Democratic presidential hopefuls fielded questions directly from the voters Monday in a debate sponsored by CNN and the video sharing Web site YouTube. A reporter and political analyst discuss the candidates’ answers and new debate format.

GWEN IFILL: It was yet another candidates’ forum, but last night, the questions came from Internet-savvy Democrats.

REMY MUNASIFI, McLean, Virginia: My taxes put some kids through college, I can’t afford to send myself. Now, tell me, if you were elected president, what would you do to help?

GWEN IFILL: YouTube, the wildly successful Internet video-sharing service, joined with CNN to host the debate at the Citadel in Charleston, South Carolina. CNN screened 3,000 submissions. The ones that aired ranged from serious and emotional…

Read the entire feature at  The News Hour

Charlie Rose – Shakespeare in Literature and Film (Remix) [reblog from Google Video]

Image and video source: Google Video

Note: Though the term “Remix” may be over-extended in this particular video interview with Harold Bloom by Charlie Rose, one is more than likely to learn a few things about important literary texts and their current interpretations.

Watch the entire video:

Rival Manufacturers Chasing the iPhone, By Martin Fackler

Image and text source: NY Times

July 2, 2007

SEOUL, South Korea, June 29 — While Americans have been blitzed with news about the iPhone’s debut, many in South Korea’s and Japan’s technology industries initially greeted Apple’s flashy new handset with yawns.

Pantech’s design center in Seoul, South Korea. An executive at the company says that riding on Apple’s coattails may turn out to be the best business strategy.

Cellphones in these technology-saturated countries can already play digital songs and video games and receive satellite television. But now that analysts and industry executives are getting their first good look at the iPhone, many here are concerned that Asian manufacturers may have underestimated the Apple threat.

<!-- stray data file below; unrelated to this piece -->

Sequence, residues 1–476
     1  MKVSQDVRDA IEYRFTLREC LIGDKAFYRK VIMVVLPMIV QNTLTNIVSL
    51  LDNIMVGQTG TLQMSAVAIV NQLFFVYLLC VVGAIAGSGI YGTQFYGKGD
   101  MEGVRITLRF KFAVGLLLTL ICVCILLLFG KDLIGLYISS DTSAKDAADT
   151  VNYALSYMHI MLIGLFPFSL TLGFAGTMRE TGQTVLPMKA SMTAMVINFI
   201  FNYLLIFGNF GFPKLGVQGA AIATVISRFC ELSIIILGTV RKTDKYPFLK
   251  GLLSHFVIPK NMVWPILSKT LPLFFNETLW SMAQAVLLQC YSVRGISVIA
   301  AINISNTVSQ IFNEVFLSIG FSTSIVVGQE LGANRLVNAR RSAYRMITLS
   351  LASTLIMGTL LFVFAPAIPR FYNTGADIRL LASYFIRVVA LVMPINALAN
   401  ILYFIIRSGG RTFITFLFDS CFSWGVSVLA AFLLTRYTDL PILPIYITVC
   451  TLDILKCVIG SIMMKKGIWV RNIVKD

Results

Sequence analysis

Read the entire article at NY Times

Deleuze/Guattari: Remix Culture, Paul D. Miller Interviews Carlo Simula

Image source: Dusty Groove

Text source: Nettime.org and Djspooky.com

November 20, 2005
The following is an interview with Carlo Simula for his book

Contributions will include Guy-Marc Hinant (Sub Rosa), Philippe Franck (transcultures, le maubege), Bernhard Lang, Tim Murphy, Achim Szepanski – and many others. I think it’s an update on some issues that have been percolating.

Smell the brew.
Tunis, Tunisia 11/20/05

1) You’ve often referred in your interviews to how much contemporary philosophy has influenced your work. Foucault said “Un jour, peut-être, le siècle sera deleuzien”, how much and in which way Deleuze and Guattari influenced you? And what you feel is interesting in their work?

The idea of the “remix” is pretty trendy these days – as usual people tend to “script” over the multi-cultural links: the economics of “re-purposing,” “outsourcing” and above all, of living in an “experience economy” – these are things that fuel African American culture, and it’s active dissemination in all of the diaspora of Afro-Modernity. My take on Deleuze and Guattari is to apply a “logic of the particular” to the concept of contemporary art. Basically it’s to say that software has undermined all of the categories of previous production models, and in turn, molded the “computational models” of how “cultural capital,” as Pierre Bourdieu coined it, mirrors various kinds of production models in a world where “sampling” (mathematical and musical), has become the global language of urban youth culture. Eduoard Glissant, the Afro-Caribbean philosopher/linguist liked to call this “creolization” – I like to call it “the remix.” Philosophy is basically a reflective activity. It always requires a surface to bounce off of. We don’t exist in a cultural vacuum.